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Posted By JohnnyAsbury,
Dec 10, 2007 at 10:52 PM
Unsure if I need a rise or not. I was told I didnt need one. Thoughts ?
The issue you will have is you will not have any natural draft/draw. This will come into play when or if you power goes out and your combustion blower stops, you can have smoke coming back into the house. I would suggest at least have a little bit of a vertical once outside if you are worried about looks inside. Also check in your manual as it may require some vertical in the venting.
Straight out, no rise. Works well.
The guy at the stove shop said that it would be a 7" pipe, with the fresh air built in, and that the pipe was designed to take care of the smoke in case of power loss. He also said that the stoves are so air tight that he didnt think that smoke would ever be an issue in a power loss.
what is the brand and model of the stove? just curious?
Straight out, no rise 3 years no problems .
Thanks guys...just out of curiosity, how far out ? 1 ft, or more ? Any sooting on the siding ? Any live ash ?
Look at the stove Manual, it will list those requirements.
St Croix Hastings. It specifies 1 ft. Id like it a bit longer to keep any soot away..
OLD Trailblazer stove.
Using a 24" vent pipe straight through the wall. I bought a 36", but was concerned about smacking it with my head while mowing the yard.
The 24" straight seems to be working fine. No soot or draft issues to report.
I do plan to turn up and go above the eave line when finances permit...mostly for aesthetics.
There are many threads on this topic
due a search for Direct vent pellet stove
I say NO direct vent
you can go here to for a thread on this
7" in diameter? Fresh air "built in"? Never heard of this. Interested in
what Rod or some of the other installers on here will have to say about it.
Read around this forum and then tell us if you still believe him.
I also replied to your other thread. The dealer is wrong about the smoke not backing up. Even when brand new I had smoke billowing right out through the front of the stove the first time I lost power. Set of the smoke detectors and everything (at 2 AM!). I added outside air last year which really improved outdoor air quality, and absolutely eliminated creosote build up on the glass (it was a significant problem in year 1). However adding outside air did nothing to prevent smoke back-up on power failure. I added a UPS for that an am optomistic that this will cover me...but a rise on the pipe would be even better.
I think i've heard about the pellet pipe with built in outside air. Simlar in style to the vent kit i've got for my Rinnai Propane heaters. Makes sense, but i'm not sure how it would work with the st croix. The damper that draws in air is off to the side...so I wonder if he knew what he was talking about? Could be, but I don't "get it"...and he is definitely wrong about it being completely air tight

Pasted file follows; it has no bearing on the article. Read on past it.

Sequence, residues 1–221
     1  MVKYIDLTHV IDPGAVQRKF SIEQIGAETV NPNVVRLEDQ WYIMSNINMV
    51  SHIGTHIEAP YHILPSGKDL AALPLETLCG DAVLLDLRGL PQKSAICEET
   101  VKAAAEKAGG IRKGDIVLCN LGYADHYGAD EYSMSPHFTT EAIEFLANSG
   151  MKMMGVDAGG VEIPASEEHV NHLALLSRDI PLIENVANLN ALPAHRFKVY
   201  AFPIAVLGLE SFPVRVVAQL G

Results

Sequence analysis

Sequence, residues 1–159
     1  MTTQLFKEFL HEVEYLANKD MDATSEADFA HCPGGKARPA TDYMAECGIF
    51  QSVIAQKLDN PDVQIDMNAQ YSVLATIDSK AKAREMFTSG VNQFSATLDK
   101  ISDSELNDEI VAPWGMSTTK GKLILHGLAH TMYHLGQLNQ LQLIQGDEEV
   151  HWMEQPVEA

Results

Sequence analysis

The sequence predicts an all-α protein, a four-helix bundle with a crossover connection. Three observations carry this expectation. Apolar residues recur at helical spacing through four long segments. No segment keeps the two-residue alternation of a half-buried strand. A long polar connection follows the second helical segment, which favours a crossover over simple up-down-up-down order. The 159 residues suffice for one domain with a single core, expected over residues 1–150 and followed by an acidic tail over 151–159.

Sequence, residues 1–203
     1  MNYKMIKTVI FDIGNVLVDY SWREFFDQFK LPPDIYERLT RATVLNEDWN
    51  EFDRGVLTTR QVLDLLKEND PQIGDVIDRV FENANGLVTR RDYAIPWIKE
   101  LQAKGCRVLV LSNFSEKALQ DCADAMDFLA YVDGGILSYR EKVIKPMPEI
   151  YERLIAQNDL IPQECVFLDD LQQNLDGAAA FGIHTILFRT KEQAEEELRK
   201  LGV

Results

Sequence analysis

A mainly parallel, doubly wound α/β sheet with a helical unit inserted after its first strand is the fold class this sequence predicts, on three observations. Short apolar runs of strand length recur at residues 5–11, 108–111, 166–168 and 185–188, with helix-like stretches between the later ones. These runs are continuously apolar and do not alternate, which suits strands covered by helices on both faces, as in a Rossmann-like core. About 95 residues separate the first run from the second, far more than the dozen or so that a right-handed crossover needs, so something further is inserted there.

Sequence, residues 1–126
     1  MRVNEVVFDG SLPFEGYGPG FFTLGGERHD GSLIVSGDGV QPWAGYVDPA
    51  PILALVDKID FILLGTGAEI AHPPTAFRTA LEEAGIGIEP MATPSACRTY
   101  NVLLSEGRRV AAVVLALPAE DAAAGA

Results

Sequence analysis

selkirk metalbestos makes a direct vent pellet setup that uses the same principal as a direct vent gas pipe , the intake air comes in through the outer shell to a shunt that connects to the stove intake, the smoke is carried out through an inner pipe outside. its simple, one hole in the wall , and i wish i had come up with it , great idea!! the other makers probably will field somthing like it if selkirk didnt patent it.
as for the direct vent no vert setup , it will work ok as long as power is present , however if power is lost in a lot of cases it leaves smoke in the house. i never ever recommend that setup , and i believe it is not legal by code in canada, probably will be soon in the us , hopefully anyway
When I used to install I would, at customers request, install as you have described. I never recommended it and even wrote into my estimates that it may cause sooting on the side of the home and that remedying this situation would be at the buyers expense.
I wish it was not legal
then we got manufactures like enviro putting on there Brochures a pellet stove right in front and below windows.
Making it hard on use why we wont install a stove like the Manufacture show on the brochure
the the two photos below are from the brochures.
From Enviro website
Yeah, I can see how advertising like that could sort of put you on the spot. Liability, liability, liability. :shut:
Thanks for your comments. I have decided to go with a rise. Now, do I want the rise inside, or outside ? Pros/ Cons ?
i have my rise inside due to lack of options. see pics of install in the attached thread
I'd planned on putting the rise inside where I thought it would look better until I realized that would put my cleanout T on the inside of the house. Ended up putting it outside simply to keep down the mess when cleaning the flue.
just that with the pipe in the room you see the pipe and the stove will be out in room more with the pipe inside and up.
Out a wall and up make a cleaner look inside